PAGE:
The rise and fall of computational functionalism

Oron Shagrir*

*Corresponding author for this work

Research output: Chapter in Book/Report/Conference proceedingChapterpeer-review

21 Scopus citations


Hilary Putnam is the father of computational functionalism, a doctrine he developed in a series of papers beginning with “Minds and Machines” (1960) and culminating in “The Nature of Mental States” (1967b). Enormously influential ever since, it became the received view of the nature of mental states. In recent years, however, there has been growing dissatisfaction with computational functionalism. Putnam himself, having advanced powerful arguments against the very doctrine he had previously championed, is largely responsible for its demise. Today, he has little patience for either computational functionalism or its underlying philosophical agenda. Echoing despair of naturalism, he dismisses computational functionalism as a utopian enterprise. My aim in this essay is to present both Putnam's arguments for computational functionalism and his later critique of the position. In section 2, I examine the rise of computational functionalism. In section 3, I offer an account of its demise, arguing that it can be attributed to recognition of the gap between the computational-functional aspects of mentality and its intentional character. This recognition can be traced to two of Putnam's results: the familiar Twin-Earth argument, and the less familiar theorem that every ordinary physical system implements every finite automaton. I close with implications for cognitive science. Computational functionalism is the view that mental states and events - pains, beliefs, desires, thoughts and so forth - are computational states of the brain, and so are defined in terms of “computational parameters plus relations to biologically characterized inputs and outputs” (1988:7).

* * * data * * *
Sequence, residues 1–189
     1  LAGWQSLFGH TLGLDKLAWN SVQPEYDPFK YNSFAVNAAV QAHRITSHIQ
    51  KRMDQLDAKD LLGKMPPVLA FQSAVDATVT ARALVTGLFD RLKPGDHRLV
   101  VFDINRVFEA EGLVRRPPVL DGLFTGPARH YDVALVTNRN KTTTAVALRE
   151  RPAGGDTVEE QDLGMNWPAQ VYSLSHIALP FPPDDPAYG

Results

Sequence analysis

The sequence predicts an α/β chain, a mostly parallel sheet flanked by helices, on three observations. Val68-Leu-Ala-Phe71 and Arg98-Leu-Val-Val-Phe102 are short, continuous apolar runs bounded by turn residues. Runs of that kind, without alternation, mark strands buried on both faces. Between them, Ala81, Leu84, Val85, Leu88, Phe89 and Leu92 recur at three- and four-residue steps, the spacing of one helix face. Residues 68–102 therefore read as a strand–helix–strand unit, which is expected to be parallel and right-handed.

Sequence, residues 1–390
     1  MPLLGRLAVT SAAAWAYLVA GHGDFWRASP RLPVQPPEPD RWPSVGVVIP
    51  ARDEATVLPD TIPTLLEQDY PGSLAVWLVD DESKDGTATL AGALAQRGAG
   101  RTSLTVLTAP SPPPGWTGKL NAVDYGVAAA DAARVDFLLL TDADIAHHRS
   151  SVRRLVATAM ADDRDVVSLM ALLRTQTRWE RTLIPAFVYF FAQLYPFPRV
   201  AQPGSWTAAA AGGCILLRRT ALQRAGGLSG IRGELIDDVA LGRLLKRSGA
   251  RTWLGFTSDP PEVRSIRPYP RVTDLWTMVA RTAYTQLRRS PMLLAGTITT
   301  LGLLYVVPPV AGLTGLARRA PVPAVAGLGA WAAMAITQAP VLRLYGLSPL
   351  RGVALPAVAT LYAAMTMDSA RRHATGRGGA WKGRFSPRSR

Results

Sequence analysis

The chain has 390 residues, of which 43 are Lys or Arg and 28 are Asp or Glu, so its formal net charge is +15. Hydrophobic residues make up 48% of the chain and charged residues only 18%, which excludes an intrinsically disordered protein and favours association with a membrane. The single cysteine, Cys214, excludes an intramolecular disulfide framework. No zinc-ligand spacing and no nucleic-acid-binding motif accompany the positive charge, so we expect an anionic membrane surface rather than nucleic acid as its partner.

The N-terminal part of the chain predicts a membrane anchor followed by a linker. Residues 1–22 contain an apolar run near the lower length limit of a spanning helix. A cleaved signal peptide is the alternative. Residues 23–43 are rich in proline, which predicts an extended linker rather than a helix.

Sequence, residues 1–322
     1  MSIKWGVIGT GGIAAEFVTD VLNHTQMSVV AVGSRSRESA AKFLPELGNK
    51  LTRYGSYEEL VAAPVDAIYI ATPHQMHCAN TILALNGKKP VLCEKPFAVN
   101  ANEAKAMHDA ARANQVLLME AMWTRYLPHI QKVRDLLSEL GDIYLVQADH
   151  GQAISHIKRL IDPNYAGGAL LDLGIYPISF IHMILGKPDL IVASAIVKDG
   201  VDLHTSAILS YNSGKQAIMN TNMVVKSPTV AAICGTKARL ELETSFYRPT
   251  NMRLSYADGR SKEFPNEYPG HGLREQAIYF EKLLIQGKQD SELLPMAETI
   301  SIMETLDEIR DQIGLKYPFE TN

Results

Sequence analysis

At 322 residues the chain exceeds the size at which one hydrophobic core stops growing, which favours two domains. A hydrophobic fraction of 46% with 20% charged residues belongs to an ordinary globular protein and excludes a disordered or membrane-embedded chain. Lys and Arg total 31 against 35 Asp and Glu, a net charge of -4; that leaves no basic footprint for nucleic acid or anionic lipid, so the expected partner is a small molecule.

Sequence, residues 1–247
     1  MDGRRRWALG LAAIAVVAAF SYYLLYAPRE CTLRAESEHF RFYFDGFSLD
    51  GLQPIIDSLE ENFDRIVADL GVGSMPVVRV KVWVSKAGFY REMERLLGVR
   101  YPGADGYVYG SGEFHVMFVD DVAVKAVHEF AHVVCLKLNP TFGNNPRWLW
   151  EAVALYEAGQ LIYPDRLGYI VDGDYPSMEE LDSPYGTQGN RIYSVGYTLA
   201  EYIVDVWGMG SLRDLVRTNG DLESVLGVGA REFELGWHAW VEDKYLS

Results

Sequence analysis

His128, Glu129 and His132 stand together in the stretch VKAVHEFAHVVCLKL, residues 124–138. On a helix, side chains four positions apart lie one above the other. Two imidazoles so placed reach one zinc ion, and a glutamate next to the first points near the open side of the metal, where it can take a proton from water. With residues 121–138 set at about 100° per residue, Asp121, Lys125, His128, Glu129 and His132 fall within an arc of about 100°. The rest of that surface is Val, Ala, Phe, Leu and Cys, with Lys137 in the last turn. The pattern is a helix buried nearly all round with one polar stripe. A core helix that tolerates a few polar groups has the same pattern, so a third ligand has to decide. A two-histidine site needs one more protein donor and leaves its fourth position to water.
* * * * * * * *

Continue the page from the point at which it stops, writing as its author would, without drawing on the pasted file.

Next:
Original languageAmerican English
Title of host publicationHilary Putnam
PublisherCambridge University Press
Number of pages31
ISBN (Electronic)9780511614187
ISBN (Print)0521012546, 9780521813112
StatePublished - 1 Jan 2005

Publication series

NameContemporary philosophy in focus

Bibliographical note

Publisher Copyright:
© Cambridge University Press 2005 and Cambridge University Press, 2010.


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